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Statistical modeling to determine sources of variability in exposures to welding fumes.

Liu-S; Hammond-SK; Rappaport-SM
Ann Occup Hyg 2011 Apr; 55(3):305-318
BACKGROUND/AIMS: Exposures to total particulate matter (TP) and manganese (Mn) received by workers during welding and allied hot processes were analyzed to assess the sources and magnitudes of variability. METHODS: Compilation of data from several countries identified 2065 TP and 697 Mn measurements for analysis. Linear mixed models were used to determine fixed effects due to different countries, industries and trades, process characteristics, and the sampling regimen, and to estimate components of variance within workers (both intraday and interday), between workers (within worksites), and across worksites. RESULTS: The fixed effects explained 55 and 49% of variation in TP and Mn exposures, respectively. The country, industry/trade, type of ventilation, and type of work/welding process were the major factors affecting exposures to both agents. Measurements in the USA were generally higher than those in other countries. Exposure to TP was 67% higher in enclosed spaces and 43% lower with local exhaust ventilation (LEV), was higher among boilermakers and was higher when either a mild-steel base metal or a flux cored consumable was used. Exposure to Mn was 750% higher in enclosed spaces and 67% lower when LEV was present. Air concentrations of Mn were significantly affected by the welding consumables but not by the base metal. Resistance welding produced significantly lower TP and Mn exposures compared to other welding processes. Interestingly, exposures to TP had not changed over the 40 years of observation, while those of Mn showed (non-significant) reductions of 3.6% year(-1). After controlling for fixed effects, variance components between worksites and between-individual workers within a worksite were reduced by 89 and 57% for TP and 75 and 63% for Mn, respectively. The within-worker variation (sum of intraday and interday variance components) of Mn exposure was three times higher than that of TP exposure. The estimated probabilities of exceeding occupational exposure limits were very high (generally much >10%) for both agents. CONCLUSIONS: Welding exposures to TP and Mn vary considerably across the world and across occupational groups. Exposures to both contaminants have been and continue to be unacceptably high in most sectors of industry. Because exposures to the two agents have different sources and characteristics, separate control strategies should be considered to reduce welders' exposures to TP and Mn.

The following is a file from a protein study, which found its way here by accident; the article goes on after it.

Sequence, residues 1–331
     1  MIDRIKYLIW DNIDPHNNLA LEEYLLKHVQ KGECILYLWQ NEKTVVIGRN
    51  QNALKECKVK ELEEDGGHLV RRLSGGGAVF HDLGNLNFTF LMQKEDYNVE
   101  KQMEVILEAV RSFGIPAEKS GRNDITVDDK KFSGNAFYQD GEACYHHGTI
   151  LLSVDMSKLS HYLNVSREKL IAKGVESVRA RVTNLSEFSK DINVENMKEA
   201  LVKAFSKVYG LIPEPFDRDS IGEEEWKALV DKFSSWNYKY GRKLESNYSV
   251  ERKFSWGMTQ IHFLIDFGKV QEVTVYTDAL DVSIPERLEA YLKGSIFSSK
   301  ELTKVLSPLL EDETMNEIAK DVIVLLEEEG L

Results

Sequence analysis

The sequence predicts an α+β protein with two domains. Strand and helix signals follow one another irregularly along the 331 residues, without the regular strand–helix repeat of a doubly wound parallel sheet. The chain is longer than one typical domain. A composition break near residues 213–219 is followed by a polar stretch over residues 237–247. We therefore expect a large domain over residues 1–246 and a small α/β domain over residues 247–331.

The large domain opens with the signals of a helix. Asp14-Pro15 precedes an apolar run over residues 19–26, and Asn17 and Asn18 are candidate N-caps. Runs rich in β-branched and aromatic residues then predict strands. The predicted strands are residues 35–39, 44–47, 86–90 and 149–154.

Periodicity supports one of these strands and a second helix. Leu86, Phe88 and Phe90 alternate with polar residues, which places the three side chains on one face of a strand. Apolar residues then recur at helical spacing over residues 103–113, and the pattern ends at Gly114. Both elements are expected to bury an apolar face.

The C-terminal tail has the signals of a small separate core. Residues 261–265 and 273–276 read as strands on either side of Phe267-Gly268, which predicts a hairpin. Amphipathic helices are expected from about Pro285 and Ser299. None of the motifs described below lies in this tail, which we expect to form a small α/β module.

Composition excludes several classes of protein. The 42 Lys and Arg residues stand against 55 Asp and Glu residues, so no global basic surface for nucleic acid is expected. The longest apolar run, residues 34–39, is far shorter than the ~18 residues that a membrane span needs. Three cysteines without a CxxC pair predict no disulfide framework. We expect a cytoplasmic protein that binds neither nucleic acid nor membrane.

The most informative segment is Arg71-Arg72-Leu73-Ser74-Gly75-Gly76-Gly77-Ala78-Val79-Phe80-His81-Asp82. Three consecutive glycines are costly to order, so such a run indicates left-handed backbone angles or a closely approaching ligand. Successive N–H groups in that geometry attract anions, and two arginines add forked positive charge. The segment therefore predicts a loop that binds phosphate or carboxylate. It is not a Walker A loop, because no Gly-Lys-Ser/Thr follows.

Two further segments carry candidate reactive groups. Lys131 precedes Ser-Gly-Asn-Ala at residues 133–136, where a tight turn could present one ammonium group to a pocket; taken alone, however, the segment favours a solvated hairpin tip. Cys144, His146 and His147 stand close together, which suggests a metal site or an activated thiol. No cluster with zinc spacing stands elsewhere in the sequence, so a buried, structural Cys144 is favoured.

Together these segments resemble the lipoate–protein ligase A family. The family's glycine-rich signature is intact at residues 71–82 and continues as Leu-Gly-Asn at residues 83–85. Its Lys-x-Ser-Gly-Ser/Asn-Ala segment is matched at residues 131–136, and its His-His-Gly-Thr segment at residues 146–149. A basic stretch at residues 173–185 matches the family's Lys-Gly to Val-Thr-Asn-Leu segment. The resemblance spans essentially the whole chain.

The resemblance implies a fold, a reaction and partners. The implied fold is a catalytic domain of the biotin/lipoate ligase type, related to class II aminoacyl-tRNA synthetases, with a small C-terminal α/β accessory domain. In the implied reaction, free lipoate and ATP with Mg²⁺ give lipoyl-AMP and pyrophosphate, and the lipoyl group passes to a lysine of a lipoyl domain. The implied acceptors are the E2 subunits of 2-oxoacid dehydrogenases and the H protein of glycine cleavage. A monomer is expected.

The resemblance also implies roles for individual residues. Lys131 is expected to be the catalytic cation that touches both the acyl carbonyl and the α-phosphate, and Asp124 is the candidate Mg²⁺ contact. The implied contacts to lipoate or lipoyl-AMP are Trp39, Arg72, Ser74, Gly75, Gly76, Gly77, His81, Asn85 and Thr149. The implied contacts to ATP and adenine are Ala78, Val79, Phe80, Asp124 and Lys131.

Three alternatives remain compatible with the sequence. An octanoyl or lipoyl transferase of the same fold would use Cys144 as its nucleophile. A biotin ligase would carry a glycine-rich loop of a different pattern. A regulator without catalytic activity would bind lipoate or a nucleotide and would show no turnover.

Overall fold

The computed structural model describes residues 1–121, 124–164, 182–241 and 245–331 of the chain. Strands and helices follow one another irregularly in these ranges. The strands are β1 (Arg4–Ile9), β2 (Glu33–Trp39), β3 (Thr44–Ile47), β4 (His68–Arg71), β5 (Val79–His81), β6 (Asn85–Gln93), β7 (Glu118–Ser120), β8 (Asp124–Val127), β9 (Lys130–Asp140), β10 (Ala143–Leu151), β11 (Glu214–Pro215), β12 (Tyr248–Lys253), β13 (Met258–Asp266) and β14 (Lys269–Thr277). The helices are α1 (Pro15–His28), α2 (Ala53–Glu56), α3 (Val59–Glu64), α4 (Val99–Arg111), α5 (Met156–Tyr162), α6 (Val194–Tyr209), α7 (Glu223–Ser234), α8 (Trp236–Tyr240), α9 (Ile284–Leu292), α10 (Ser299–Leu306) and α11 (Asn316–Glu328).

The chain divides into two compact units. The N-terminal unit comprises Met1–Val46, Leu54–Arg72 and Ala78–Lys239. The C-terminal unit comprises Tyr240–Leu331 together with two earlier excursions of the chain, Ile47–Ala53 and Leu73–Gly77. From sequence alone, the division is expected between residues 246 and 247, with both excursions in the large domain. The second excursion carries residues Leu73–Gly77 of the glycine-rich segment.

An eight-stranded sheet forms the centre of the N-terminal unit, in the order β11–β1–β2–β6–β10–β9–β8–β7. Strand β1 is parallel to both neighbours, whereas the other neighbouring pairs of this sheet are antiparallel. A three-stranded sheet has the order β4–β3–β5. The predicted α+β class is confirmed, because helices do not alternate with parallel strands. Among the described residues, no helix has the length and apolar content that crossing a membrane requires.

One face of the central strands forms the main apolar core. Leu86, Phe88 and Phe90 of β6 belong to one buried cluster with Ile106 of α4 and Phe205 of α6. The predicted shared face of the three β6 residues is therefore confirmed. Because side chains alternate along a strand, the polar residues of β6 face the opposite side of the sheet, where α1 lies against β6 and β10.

Humans; Men; Women; Workers; Welders; Welding; Welding-industry; Models; Statistical-analysis; Exposure-levels; Exposure-limits; Particulates; Fumes; Pollutants; Airborne-particles; Air-quality; Metal-fumes; Toxic-gases; Author Keywords: determinants of exposure; manganese; mixed-effects models; particulate matter; variance components; welding
Stephen M. Rappaport, Division of Environmental Health Sciences, School of Public Health, University of California, Berkeley, CA 94720-7356
Publication Date
Document Type
Journal Article
Email Address
Funding Type
Grant; Cooperative Agreement; Construction
Fiscal Year
NTIS Accession No.
NTIS Price
Identifying No.
Cooperative-Agreement-Number-U54-OH-008307 Grant-Number-T42-OH-008429; B01182012
Issue of Publication
Priority Area
Source Name
Annals of Occupational Hygiene
Performing Organization
Center to Protect Woprkers' Rights